2. An explosive composition comprising a mixture of an aqueous hydrogen peroxide solution of a concentration higher than 60 percent by weight, the hydrogen peroxide being more than 40 percent by weight of the explosive composition, an aromatic sulfonic acid, and one or more materials selected from the group consisting of organic plasticizers, water-soluble gelling agents, inorganic oxidizer salts and metal powders.

3. Explosive composition as set forth in claim 1 comprising a mixture of an aqueous hydrogen peroxide solution of a concentration higher than 60 percent by weight, the hydrogen peroxide being 40 82 percent by weight of the explosive composition, and an aromatic sulfonic acid being 3 30 percent by weight of said' composition.

4. Explosive composition as set forth in claim 2 comprising a mixture of an aqueous hydrogen peroxide so lution of a concentration higher than 60 percent by weight, the hydrogen peroxide being 40 82 percent by weight of the explosive composition, an aromatic sulfonic acid being 3 30 percent by weight of said com-,

position, and one or more materials selected from the group consisting of organic plasticizer of the weight ratio 1 0.1 l 3 versus said aromatic sulfonic acid, water soluble gelling agent being 2 10 percent by .weight of said composition, inorganic oxidizer salt being 5 30 percent by weight of said composition and metal powder being 1 10 percent weight of said composition.

5. Process for preparing an explosive which coinprises heating an organic plasticizer preliminarily to the temperature range 70 100 C and mixing an aromatic sulfonic acid therewith and then mixing the thus obtained mixture with aqueous hydrogen peroxide sooxidizer salt and metal powder.

Patent Nu. 3 8,0 2 Dated April 30, 1974 Inventods) Mutsoo Yokogawa et a1,

It is certified that error appears in the above-identified patent and that said Letters Patent are hereby corrected as shown below:

Cancel the original columns 1 through 4 and substitute the corrected columns as shown on the attached sheet.

Signed and sealed this 10th day of September 1974.

(SEAL) Attest:

MCCOY M. GIBSON, 'JR. (3. MARSHALL DANN Attesting Officer Commissioner of Patents FORM PO'IOSO (10-69) USCOMM-DC 60376-P69 Q U.S. GOVERNMENT PRINTING OFFICE: [969 0-866-33L i LIQUID EXPLOSIVE COMPOSITIONS OF HYDROGEN PEROXIDE AND AN AROMATIC SULFONIC ACID AND PROCESS FORTHE PREPARATION THEREOF DETAILED DESCRIPTION OF THE iv INVENTION The present invention relates to liquid or gel explosives containing an aqueous hydrogen peroxide been used, since they have some defects with respect to properties and safety. If appropriate liquid explosives can be developed, a new field of use of explosives may be expected, since liquid has excellent properties such as free fluidity and the property close filling.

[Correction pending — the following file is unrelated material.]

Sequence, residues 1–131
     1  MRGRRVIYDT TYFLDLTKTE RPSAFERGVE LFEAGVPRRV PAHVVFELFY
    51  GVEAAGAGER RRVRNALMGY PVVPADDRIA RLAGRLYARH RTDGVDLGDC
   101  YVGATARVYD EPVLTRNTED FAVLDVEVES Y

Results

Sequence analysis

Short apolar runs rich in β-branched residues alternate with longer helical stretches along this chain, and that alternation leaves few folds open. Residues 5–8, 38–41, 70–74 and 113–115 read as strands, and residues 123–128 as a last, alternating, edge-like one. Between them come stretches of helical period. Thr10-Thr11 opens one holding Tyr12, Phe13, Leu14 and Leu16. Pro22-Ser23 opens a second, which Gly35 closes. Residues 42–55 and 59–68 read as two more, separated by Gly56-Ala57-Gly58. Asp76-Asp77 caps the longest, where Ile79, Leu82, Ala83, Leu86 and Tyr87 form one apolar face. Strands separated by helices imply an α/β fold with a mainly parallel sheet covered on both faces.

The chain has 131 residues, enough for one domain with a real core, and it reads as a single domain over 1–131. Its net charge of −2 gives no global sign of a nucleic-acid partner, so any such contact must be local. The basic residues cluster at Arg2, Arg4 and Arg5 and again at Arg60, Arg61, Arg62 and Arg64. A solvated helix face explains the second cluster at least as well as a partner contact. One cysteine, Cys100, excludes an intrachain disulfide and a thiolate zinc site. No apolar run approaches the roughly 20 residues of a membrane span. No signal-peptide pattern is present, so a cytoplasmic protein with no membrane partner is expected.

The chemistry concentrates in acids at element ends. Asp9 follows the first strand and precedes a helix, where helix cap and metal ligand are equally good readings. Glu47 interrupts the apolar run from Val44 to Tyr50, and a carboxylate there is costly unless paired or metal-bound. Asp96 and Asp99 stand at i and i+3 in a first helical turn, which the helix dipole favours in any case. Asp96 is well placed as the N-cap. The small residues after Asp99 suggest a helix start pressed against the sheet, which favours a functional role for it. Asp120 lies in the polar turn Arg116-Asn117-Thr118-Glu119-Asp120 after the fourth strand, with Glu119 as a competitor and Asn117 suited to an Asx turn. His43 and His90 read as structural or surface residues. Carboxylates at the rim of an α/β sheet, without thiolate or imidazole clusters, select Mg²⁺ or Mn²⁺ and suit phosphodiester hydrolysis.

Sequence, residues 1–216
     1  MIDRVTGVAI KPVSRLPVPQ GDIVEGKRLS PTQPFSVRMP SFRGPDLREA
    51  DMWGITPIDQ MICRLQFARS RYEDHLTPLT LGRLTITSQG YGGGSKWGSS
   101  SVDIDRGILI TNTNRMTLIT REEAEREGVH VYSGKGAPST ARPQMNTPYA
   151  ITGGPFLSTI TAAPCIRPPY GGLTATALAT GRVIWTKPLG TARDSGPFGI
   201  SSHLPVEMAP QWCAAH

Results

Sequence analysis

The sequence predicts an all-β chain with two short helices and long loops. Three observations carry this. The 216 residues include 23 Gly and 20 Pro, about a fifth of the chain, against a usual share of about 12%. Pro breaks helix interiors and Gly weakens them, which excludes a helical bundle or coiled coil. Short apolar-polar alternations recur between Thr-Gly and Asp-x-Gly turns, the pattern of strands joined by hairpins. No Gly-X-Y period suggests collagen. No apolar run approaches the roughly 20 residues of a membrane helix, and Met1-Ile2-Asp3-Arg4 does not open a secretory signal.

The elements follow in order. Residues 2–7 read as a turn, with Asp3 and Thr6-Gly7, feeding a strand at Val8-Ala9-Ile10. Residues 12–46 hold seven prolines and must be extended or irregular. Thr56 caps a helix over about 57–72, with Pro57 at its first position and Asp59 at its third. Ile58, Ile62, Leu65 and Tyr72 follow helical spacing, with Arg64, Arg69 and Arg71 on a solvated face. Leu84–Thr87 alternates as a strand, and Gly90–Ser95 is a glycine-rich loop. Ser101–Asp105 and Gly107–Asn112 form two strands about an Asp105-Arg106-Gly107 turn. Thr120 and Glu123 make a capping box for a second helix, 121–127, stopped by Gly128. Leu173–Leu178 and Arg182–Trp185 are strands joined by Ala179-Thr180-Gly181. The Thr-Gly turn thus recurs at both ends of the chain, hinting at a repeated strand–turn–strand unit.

From this point of view, the inventors have developed liquid explosives which can be prepared in the field by a simple mixing means and which can be handled safely, and gel explosives containing the liquid explosives as a main ingredient.

The explosives of the present invention can be used for blasting for various purposes owing to their characteristic, i.e., free fluidity and the property of close filling. They may be packed in a given container Further, making the best use of their characteristic features, i.e., easy preparation thereof by a simple mixing operation, high specific gravity and strong explosive power, they can be used safely as a booster of AN-FO explosives and slurry explosives prepared 40 at a blasting site.

It has been known that a liquid mixture prepared by dissolving an organic compound such as methanol,

. glycerol or acetone in an aqueous hydrogen peroxide solution of a high concentration has an explosive power. However. such a liquid mixture has not been used as a practical explosive due to the following defects:

.. e tarsaasantiu f heat s ate at h time of mixing, so the preparation of a large quantity therel of is dangerous.

,. Th myaa ssivs;iaxelxss 92 hazard due to its high sensitivity.